Cheers erupted from the audience after Richmond’s Common Council voted Monday night 6-3 against a proposed rezoning that was needed for a planned housing development to move forward.

For close to three hours, attendees and council members spoke passionately about the issues raised by the Smith Hill Planned Unit Development.

Those in favor of the project implored council members for help in creating new and better housing options for workers looking to locate in the area, describing the proposal as an essential “piece of the puzzle” to build and shape the community for the better.

Those opposed were careful to say they are not against developing new housing options in general, but cited fears of traffic, drainage, sewer capacity and density issues along with questions about a proposed child care facility as reasons why this particular neighborhood should not be built. They brought more questions than answers: What if the demand isn’t actually there? What if property values go down? Why not spend funds being considered for the project on existing housing revitalization?

An attendee wears a button that says “Please vote NO Ordinance 2-204” to the Monday, April 15, 2024 Richmond Common Council meeting. Photo by Chris Hardie

Council considered the zoning request after the Richmond Advisory Plan Commission voted 7-0 to recommend approval of the rezoning.

The proposal from 11th Street Development includes 178 single-family homes in four types and up to 220 apartments on 80 acres east of South 37th Street and South of Backmeyer Road. The developer needed the land zoned medium-density, single-family residential rezoned to a mix of zoning categories to accommodate the different plot and home sizes and for the apartments.

Council members Doug Goss, Bill Engle and Gary Turner voted in favor while members Lucinda Wright, Larry Parker, Anne Taylor, Jane Bumbalough, Justin Burkhardt and Jerry Purcell voted against.

Neighbors have collaborated to oppose the development. More than 50 people attended each plan commission meeting that involved the development, and a letter urging Common Council members to deny the zoning is signed “South 37th Street Neighborhoods.”

Susan Yaeger, who lives on Stonecreek Road north of Backmeyer, said she is expressly interested in the sewer infrastructure.

During March 2023, stormwater and sewer water backed up into her home, saturating the living room, two bedrooms, kitchen and dining room. Three months of repairs involved new carpet, replacing the lower two feet of drywall in the impacted rooms and painting. The work cost her $14,000.

“All I can think if you add 250 apartments and 178 houses is that all of their sewer water is going to end up in my living room again,” Yaeger said.

Because of ongoing flooding and drainage problems, the city contracted Lochmueller Group to study drainage and sewer system issues in the Backmeyer Trace subdivision where Yaeger lives. The December 2022 study found that the drainage system and storm sewer system are undersized. Lochmueller Group proposed solutions ranging in cost from about $400,000 to about $550,000.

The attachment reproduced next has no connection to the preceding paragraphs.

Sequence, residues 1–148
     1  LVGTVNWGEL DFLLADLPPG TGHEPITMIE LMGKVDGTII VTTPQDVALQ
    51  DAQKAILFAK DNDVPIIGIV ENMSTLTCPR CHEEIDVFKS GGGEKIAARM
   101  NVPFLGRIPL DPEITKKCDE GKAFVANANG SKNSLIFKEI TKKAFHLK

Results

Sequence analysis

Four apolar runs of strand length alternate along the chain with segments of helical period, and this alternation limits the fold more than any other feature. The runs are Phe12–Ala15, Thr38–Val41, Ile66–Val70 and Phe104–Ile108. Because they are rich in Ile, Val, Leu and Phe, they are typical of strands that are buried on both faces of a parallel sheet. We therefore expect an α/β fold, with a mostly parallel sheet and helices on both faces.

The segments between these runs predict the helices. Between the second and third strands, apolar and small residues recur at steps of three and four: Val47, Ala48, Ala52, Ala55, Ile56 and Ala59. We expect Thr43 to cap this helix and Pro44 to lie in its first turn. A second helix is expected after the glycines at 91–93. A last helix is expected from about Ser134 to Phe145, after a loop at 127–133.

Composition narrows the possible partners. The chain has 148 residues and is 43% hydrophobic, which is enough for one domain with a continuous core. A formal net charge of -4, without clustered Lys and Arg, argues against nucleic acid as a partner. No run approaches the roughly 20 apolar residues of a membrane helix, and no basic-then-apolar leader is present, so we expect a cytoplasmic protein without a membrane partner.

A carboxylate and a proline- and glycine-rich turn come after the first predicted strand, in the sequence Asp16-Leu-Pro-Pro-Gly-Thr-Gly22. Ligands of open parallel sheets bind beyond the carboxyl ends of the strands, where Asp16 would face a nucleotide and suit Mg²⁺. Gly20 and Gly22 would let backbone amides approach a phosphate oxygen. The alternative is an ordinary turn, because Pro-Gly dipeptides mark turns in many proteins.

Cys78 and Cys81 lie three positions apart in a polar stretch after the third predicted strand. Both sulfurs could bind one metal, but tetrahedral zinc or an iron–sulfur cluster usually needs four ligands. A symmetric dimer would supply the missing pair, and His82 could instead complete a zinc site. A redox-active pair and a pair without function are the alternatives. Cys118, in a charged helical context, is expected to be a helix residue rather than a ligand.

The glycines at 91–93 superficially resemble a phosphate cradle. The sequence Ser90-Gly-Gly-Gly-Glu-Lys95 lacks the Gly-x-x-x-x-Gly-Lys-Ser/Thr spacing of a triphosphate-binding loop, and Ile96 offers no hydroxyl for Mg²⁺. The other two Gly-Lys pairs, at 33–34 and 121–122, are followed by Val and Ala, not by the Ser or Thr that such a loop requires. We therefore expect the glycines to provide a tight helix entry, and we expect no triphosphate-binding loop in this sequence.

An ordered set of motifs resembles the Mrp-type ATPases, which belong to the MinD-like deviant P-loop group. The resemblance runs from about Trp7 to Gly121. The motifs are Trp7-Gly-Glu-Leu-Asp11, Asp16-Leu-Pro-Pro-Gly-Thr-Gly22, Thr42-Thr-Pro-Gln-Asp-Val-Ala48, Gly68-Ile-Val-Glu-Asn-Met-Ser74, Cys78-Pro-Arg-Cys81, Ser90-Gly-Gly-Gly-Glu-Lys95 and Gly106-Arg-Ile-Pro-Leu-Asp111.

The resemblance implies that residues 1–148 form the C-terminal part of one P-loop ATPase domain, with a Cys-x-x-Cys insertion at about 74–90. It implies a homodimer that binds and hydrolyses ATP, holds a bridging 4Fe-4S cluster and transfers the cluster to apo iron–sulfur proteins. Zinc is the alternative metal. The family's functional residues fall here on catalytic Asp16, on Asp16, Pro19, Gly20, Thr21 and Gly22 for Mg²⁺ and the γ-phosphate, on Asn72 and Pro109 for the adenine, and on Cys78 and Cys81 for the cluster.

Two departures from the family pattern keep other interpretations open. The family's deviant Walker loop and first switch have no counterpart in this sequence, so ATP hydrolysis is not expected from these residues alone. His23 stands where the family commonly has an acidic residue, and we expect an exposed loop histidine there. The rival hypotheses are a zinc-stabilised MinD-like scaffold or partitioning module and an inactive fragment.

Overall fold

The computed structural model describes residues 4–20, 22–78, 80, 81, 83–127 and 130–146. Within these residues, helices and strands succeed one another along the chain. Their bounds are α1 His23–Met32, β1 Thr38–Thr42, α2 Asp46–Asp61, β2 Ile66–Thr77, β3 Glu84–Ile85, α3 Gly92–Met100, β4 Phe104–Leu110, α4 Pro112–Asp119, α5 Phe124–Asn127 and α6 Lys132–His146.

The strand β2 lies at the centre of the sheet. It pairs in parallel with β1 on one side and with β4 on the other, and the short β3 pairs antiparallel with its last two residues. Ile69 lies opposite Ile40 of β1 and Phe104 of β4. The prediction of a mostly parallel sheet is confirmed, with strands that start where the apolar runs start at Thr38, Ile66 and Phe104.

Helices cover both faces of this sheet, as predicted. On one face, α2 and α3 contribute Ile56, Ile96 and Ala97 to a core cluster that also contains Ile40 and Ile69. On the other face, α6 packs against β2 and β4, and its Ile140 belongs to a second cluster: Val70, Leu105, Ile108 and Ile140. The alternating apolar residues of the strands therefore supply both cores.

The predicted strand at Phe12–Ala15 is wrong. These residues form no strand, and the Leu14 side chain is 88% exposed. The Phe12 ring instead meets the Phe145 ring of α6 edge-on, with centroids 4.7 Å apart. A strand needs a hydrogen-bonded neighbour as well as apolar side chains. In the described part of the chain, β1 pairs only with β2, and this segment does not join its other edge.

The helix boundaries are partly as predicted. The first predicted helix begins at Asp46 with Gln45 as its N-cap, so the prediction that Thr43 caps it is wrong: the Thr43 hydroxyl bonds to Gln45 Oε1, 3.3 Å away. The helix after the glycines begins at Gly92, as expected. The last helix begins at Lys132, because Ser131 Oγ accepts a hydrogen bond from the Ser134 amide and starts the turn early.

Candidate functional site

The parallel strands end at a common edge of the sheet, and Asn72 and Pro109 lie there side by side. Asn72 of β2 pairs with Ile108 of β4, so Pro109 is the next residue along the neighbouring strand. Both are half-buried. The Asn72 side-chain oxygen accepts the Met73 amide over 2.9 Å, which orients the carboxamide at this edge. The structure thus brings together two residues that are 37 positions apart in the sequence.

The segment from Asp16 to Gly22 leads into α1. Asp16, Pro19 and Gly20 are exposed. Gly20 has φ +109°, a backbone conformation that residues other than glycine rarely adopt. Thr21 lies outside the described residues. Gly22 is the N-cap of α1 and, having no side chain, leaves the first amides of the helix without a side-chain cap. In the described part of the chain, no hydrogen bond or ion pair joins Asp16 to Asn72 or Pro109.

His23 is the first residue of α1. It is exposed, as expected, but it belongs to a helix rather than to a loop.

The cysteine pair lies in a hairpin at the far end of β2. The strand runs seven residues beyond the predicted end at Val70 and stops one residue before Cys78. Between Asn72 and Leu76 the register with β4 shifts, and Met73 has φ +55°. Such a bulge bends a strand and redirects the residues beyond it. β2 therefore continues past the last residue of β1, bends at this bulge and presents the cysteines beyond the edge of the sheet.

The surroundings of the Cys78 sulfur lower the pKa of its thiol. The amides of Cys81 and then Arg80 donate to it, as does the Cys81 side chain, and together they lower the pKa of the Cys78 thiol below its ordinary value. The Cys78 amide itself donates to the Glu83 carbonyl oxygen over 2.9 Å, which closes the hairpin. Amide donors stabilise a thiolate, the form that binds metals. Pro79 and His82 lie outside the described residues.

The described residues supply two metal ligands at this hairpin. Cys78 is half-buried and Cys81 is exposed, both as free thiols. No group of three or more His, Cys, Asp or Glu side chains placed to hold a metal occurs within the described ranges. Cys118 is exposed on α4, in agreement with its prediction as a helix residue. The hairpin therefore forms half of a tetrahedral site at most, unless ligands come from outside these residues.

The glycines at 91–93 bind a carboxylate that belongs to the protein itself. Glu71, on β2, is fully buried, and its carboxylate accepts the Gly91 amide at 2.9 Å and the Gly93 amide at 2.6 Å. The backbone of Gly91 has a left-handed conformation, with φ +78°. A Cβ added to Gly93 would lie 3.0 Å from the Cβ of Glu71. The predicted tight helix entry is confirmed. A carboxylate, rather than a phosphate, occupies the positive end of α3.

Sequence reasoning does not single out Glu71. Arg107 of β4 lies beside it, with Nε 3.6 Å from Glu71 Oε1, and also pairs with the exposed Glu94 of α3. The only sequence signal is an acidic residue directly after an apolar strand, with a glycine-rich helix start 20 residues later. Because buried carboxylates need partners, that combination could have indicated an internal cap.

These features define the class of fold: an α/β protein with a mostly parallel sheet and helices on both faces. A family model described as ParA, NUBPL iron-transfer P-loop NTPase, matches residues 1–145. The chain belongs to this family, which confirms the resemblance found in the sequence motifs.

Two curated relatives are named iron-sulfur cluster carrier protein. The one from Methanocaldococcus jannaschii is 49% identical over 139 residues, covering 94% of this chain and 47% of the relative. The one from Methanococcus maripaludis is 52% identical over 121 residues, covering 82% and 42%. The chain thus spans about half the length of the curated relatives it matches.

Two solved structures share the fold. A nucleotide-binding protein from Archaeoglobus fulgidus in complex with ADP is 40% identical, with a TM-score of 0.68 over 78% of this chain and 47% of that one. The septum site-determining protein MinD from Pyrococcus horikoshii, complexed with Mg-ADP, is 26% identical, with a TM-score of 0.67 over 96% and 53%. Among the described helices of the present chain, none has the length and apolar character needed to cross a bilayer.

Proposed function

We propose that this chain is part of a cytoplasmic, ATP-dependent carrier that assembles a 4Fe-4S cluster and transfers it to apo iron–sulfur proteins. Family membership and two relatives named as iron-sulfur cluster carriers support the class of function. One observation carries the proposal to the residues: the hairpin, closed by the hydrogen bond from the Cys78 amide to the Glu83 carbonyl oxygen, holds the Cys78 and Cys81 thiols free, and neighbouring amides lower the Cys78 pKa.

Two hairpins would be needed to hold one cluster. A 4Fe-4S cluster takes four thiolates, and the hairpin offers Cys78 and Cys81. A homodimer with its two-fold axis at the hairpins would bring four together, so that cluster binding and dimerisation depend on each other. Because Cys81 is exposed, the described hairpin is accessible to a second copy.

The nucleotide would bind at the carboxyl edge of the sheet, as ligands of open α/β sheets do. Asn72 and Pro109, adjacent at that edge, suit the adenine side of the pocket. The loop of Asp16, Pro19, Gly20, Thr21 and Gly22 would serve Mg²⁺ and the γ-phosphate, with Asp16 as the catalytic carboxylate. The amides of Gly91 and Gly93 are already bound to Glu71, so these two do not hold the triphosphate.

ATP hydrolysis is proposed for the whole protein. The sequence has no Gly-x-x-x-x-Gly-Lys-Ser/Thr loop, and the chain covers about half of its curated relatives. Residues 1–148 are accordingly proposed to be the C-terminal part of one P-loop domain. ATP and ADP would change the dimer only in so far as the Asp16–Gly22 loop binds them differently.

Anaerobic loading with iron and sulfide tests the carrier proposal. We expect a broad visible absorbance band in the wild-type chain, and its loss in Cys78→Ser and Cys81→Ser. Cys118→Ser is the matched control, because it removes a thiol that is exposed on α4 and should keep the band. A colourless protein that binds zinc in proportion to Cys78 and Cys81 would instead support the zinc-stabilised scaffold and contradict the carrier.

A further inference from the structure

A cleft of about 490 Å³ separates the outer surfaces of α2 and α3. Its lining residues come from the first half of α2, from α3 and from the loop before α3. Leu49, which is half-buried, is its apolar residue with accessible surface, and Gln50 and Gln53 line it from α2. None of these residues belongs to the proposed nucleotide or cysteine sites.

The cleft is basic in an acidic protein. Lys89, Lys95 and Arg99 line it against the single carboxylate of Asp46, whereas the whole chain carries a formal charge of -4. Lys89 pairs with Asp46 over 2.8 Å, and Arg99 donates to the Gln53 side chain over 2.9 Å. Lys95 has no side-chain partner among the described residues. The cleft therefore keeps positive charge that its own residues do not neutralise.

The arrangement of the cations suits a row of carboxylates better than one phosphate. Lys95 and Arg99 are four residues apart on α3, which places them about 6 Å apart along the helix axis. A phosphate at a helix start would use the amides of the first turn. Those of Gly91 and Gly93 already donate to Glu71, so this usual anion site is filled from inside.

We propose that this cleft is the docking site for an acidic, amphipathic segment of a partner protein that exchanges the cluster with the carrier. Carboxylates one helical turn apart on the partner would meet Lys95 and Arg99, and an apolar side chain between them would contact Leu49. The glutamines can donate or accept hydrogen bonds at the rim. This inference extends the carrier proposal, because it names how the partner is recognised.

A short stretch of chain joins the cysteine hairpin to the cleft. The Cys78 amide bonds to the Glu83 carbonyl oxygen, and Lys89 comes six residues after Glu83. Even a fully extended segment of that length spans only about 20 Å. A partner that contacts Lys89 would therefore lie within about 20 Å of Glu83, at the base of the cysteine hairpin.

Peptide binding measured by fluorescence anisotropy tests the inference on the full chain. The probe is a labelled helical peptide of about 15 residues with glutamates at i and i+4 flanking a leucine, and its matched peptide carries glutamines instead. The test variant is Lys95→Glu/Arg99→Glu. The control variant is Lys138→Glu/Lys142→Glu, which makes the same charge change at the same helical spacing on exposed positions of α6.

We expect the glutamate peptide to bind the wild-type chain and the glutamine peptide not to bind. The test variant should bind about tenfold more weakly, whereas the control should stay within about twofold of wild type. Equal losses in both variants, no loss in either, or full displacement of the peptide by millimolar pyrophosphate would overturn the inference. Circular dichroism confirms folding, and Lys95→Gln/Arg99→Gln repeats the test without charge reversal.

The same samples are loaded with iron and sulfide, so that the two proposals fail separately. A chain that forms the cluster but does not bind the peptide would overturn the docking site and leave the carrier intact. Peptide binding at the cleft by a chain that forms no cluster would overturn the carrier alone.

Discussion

Gordon Moore, the county surveyor, told plan commission members that the Scott drainage ditch that runs along South 37th Street and the Quigg ditch southeast of the proposed development would adequately handle drainage from the project, which plans eight retention ponds to regulate flow into the ditches. But the question of overall capacity was still in debate during Monday’s meeting as council members Bill Engle, Larry Parker and Gary Turner communicated conflicting understandings of what was possible.

Yaeger contends the city needs to address drainage and sewer issues rather than permit growth that further strains the undersized systems.

“Fix the problems you have first, not build more on an already inadequate system,” Yaeger said.

Attendees discuss the proposed housing development during a break at the Monday, April 15, 2024 Richmond Common Council meeting. Photo by Chris Hardie

Project opponent Carol Green agreed. “Don’t turn over one shovel of dirt until these people have all their issues settled,” she said during the public hearing.

Even during last week’s rains, Yaeger kept a close eye on flooding around her, wondering if water will again back up into her home. It’s like that for her every time it rains significantly.

“It’s not the way you should have to live,” said Yaeger, who added that city workers will check the maintenance hole near her home when she calls.

Yaeger said she thinks the city should help faithful residents already living in the area, a sentiment several speakers shared Monday night. Addressing a local housing need is a flashy project, she said, attractive to city officials, because fixing the sewer system is not flashy.

“They’re always trying to lure people here, but if they made people who live here happy, we’d be the best advocates, jumping up and down to say how great Richmond is and we want them to come here,” Yaeger said.

The majority of council members appeared to agree.

Despite the pleas of representatives from area employers, universities and economic development groups saying that the council should resist “fear of change” to give the project a chance, in the end the unanswered concerns were too many to allow the project to advance as proposed. For now, the question of how Richmond will address its growing housing needs remains.

Mike Emery contributed to this story.

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A version of this article appeared in the April 17 2024 print edition of the Western Wayne News.

Chris Hardie is the owner and publisher of the Western Wayne News.